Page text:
What to expect after vaccination
You may have mild side effects
After COVID-19 vaccination, you may have some side effects. These are normal signs that your body is building immunity. Your arm may hurt where you got your shot or you may have redness or swelling. You may be tired or have a headache, muscle pain, chills, fever, or nausea. They may affect your ability to do daily activities, but should go away in a few days. Some people have no side effects. Learn more about Possible Side Effects After Getting a COVID-19 Vaccine.
If you have experienced a side effect after COVID-19 vaccination, you can report it to:
When to call the doctor
In most cases, discomfort from pain or fever is a normal sign that your body is building protection. Contact your doctor or healthcare provider:
- If the redness or tenderness where you got the shot gets worse after 24 hours
- If your side effects are worrying you or do not seem to be going away after a few days
If you get a COVID-19 vaccine and you think you might be having a severe allergic reaction after leaving the vaccination site, seek immediate medical care by calling 911. Learn more about COVID-19 vaccines and rare severe allergic reactions.
What you can do once fully vaccinated
- Spend time with other fully-vaccinated people, even indoors, without wearing masks or physical distancing
- Spend time indoors without masks or physical distancing with unvaccinated people from a single household who are at low risk for severe COVID-19 disease
- Travel domestically without a pre- or post-travel test and without quarantining after travel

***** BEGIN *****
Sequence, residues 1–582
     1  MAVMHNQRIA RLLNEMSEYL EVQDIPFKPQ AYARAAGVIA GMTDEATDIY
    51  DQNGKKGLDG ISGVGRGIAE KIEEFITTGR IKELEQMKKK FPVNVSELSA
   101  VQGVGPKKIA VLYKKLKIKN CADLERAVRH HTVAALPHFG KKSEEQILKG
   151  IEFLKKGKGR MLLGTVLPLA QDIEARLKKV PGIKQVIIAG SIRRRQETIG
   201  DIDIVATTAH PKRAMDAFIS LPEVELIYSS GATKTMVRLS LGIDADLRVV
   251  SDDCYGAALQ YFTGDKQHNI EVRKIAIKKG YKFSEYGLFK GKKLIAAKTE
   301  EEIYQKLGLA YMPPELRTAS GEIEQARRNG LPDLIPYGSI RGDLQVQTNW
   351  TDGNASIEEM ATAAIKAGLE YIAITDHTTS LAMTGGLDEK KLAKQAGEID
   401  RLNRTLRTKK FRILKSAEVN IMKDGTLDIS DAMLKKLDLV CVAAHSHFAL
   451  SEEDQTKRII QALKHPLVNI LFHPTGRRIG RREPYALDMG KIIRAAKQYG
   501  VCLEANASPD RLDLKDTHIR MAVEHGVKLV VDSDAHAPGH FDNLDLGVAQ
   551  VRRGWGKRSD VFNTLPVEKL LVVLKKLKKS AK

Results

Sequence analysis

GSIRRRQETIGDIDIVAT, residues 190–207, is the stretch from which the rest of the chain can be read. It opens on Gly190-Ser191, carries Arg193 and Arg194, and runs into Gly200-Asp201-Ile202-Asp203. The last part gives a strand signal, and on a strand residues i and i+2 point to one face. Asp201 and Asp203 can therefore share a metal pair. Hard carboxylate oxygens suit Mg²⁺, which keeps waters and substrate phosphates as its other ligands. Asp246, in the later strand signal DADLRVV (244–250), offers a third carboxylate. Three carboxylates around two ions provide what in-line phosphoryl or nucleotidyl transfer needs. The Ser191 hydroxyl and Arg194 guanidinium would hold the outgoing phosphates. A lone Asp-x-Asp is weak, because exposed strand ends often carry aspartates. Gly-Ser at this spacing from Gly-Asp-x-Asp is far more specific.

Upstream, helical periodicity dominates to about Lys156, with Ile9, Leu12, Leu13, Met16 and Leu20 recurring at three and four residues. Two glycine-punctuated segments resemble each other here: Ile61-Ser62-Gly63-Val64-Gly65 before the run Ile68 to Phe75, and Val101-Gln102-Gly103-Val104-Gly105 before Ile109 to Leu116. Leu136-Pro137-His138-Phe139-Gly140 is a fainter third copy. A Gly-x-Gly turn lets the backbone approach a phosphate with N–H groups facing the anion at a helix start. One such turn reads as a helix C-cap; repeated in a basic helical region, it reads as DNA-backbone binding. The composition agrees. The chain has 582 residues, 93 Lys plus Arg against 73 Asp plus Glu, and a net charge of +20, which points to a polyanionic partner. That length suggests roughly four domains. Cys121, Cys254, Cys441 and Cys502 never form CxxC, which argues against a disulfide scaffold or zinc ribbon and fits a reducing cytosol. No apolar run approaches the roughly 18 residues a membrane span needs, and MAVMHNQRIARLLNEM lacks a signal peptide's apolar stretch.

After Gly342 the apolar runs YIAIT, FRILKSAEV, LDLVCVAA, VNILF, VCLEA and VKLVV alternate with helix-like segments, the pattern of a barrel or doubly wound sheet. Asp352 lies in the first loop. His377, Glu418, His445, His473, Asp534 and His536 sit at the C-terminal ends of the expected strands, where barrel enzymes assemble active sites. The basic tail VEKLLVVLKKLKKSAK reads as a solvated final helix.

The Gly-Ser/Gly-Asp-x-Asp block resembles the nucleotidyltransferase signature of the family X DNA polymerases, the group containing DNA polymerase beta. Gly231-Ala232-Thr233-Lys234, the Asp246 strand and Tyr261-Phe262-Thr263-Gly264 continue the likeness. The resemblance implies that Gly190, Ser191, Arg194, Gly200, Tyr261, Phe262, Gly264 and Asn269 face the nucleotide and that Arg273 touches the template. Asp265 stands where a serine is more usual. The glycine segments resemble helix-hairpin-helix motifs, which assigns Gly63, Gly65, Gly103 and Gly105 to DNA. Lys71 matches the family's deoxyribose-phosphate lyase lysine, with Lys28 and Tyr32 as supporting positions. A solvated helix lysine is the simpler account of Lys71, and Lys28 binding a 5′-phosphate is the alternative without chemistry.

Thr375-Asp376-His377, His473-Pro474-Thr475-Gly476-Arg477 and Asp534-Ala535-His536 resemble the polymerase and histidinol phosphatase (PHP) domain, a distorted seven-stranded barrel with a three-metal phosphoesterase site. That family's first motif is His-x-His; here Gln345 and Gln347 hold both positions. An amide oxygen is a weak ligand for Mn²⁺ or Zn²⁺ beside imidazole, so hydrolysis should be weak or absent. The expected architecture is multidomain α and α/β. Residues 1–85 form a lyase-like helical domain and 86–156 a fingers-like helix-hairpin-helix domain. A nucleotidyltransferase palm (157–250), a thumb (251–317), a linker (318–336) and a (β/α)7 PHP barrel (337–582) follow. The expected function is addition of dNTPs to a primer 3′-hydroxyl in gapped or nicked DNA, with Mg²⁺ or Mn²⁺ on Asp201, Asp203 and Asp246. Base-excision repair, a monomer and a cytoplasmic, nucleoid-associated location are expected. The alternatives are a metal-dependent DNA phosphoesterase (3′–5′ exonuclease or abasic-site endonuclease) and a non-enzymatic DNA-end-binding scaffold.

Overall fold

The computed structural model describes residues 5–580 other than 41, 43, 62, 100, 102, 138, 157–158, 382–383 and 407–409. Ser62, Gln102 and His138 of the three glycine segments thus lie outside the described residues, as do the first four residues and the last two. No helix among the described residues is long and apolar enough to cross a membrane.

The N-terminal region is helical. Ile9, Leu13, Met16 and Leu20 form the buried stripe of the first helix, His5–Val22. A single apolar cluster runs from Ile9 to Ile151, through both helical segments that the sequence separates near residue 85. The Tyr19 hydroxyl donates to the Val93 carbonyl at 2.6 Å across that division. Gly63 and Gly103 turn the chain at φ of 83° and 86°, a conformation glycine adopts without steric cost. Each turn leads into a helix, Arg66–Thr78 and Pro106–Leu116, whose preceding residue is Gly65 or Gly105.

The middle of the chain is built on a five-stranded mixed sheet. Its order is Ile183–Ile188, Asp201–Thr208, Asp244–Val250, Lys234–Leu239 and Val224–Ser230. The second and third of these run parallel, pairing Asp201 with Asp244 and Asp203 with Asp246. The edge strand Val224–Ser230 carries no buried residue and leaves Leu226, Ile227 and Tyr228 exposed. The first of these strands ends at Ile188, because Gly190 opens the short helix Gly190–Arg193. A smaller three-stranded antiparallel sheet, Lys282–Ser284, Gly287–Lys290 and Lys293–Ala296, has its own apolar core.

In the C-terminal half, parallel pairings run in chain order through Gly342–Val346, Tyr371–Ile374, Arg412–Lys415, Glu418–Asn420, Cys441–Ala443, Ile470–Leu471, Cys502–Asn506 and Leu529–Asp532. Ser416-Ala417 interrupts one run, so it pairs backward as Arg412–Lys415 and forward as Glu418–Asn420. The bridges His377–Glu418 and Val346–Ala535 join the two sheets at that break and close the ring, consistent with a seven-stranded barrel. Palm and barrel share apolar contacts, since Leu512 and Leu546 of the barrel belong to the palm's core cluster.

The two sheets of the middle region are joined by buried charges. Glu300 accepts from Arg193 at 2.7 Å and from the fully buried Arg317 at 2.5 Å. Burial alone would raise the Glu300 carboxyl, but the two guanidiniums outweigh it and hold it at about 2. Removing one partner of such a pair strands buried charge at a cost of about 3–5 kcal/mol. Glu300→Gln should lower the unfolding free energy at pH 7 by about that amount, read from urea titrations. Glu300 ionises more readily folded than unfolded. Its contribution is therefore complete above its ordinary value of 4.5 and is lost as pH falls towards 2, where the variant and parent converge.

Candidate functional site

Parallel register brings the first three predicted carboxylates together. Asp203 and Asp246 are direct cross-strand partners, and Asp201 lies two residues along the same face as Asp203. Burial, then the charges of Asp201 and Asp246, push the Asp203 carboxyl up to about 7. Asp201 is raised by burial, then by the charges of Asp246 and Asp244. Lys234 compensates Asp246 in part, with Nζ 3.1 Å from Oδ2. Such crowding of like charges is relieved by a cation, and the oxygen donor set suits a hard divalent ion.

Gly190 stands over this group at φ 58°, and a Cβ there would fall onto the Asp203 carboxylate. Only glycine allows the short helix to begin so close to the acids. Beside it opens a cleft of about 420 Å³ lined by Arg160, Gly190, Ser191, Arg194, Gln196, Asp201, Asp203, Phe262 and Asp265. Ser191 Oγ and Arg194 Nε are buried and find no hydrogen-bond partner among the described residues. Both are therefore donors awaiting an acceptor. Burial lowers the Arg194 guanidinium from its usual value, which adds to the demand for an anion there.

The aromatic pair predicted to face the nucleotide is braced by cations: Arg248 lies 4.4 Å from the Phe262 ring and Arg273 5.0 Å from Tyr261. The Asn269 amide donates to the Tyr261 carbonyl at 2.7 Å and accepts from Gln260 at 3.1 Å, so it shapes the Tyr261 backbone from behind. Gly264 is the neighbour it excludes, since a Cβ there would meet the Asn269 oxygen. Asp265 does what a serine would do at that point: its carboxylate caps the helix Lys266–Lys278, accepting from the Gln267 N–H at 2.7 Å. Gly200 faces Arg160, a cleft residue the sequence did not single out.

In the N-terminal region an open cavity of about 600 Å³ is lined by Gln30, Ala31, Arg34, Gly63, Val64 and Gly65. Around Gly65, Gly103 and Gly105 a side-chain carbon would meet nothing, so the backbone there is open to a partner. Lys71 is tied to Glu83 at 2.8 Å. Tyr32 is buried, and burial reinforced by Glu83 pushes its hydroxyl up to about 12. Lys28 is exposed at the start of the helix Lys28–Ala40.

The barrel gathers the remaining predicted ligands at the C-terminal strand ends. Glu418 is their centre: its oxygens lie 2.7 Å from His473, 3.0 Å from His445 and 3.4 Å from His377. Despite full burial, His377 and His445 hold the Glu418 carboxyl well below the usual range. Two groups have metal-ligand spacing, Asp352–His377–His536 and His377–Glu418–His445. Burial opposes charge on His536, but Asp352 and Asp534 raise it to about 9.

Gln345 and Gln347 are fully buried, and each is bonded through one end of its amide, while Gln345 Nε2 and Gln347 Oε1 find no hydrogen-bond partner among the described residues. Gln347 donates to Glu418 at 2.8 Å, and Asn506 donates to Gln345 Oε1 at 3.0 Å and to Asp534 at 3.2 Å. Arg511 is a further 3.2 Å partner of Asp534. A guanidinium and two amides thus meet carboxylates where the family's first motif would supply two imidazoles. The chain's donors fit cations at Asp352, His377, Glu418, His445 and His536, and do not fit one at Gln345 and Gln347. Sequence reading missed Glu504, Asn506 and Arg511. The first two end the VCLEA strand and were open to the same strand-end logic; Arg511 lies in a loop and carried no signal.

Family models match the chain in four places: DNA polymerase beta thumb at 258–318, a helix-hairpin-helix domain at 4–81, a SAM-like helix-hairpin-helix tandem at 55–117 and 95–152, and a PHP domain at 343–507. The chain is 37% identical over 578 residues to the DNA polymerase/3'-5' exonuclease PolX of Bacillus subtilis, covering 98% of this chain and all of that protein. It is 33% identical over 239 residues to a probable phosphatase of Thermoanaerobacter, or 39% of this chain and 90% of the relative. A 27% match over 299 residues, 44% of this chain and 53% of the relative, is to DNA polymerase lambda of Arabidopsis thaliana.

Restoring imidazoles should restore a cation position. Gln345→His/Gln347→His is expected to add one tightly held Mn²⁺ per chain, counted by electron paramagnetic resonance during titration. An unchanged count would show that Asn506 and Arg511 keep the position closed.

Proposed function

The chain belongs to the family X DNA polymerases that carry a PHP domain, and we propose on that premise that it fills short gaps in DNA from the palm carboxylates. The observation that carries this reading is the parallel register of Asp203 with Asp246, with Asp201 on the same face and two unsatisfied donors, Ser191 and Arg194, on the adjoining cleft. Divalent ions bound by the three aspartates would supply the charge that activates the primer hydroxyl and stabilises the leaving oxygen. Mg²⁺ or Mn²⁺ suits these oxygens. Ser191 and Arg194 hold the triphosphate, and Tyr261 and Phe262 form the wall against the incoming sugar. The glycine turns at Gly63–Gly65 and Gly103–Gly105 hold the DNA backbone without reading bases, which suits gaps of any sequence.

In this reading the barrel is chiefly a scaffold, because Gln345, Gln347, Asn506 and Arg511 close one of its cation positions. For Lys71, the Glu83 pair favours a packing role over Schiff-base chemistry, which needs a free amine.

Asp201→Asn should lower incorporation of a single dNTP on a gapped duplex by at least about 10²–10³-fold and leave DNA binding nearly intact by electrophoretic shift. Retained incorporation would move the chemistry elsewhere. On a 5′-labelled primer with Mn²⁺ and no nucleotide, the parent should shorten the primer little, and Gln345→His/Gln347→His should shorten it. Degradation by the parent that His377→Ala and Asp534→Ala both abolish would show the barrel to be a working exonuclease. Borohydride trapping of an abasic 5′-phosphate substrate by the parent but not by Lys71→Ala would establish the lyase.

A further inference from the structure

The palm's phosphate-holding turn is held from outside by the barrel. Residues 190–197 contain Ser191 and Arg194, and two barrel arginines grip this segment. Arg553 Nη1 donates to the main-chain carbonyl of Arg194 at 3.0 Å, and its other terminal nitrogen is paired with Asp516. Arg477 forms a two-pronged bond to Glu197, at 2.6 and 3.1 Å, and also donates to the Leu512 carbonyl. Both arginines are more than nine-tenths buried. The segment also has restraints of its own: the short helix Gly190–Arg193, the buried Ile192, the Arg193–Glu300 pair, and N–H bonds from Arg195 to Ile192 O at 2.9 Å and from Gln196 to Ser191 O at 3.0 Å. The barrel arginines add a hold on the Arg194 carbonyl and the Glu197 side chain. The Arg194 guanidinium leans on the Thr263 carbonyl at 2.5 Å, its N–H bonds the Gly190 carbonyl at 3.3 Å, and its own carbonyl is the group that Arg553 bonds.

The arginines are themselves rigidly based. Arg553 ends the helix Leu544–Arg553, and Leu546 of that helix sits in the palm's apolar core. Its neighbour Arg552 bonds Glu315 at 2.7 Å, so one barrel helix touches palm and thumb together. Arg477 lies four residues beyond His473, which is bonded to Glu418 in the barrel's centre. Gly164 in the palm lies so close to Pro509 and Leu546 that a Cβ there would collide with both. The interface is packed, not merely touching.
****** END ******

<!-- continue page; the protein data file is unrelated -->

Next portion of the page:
- Travel internationally without a pre-travel test (depending on destination) and without quarantining after travel
- Take precautions in public including wearing a well-fitted mask and physical distancing
- Get tested and isolate if experiencing COVID-19 symptoms
- Avoiding crowds indoors, especially when mixing with others who are not fully vaccinated
- Avoid being indoors, without a mask, with people at increased risk for severe illness from COVID-19
See the CDPH’s Travel Advisory and COVID-19 Public Health Recommendations for Fully Vaccinated People for complete details.
Vaccine equity for hardest-hit communities
California is allocating COVID-19 vaccines as they become available to ensure equitable distribution.
We must end the COVID-19 pandemic as quickly and effectively as possible by vaccinating those most at risk of serious outcomes and those who have been most exposed at work or in their daily lives. This will protect not just those who are vaccinated, but reduce additional community transmission. By targeting vaccines to those who most need them, we can also begin to safely reopen activities across our economy.
The state will continue to double the amount of vaccine allocated to the lowest HPI quartile as announced on March 4 for at least four weeks starting on March 22.
Currently, the state is directing 40% of vaccine doses to the hardest-hit areas of the state based on the lowest quartile of the Public Health Alliance of Southern California’s Healthy Places Index (HPI).
Spread the news about the vaccines
Vaccinate ALL 58 is our state’s COVID-19 vaccination program for Californians in all 58 counties.
Share that vaccination against COVID-19 is here. Visit the COVID-19 Response Toolkit page to find images and videos you can post on social media.
Questions and answers
Vaccines allocation and distribution
What to expect after vaccination
Vaccine committees and workgroups
- CDPH: COVID-19 (Coronavirus Disease 2019) Vaccines
- CDPH: California COVID-19 Vaccination Program
- CDPH: Tracking Variants (The West Coast Strain)
- CDPH: Federal Retail Pharmacy Program – Vaccine Appointments
- CDC: COVID-19 Vaccines
- CDC: Key Things to Know About COVID-19 Vaccines
- CDC: COVID-19 Vaccination
- CDC: Interim Public Health Recommendations for Fully Vaccinated People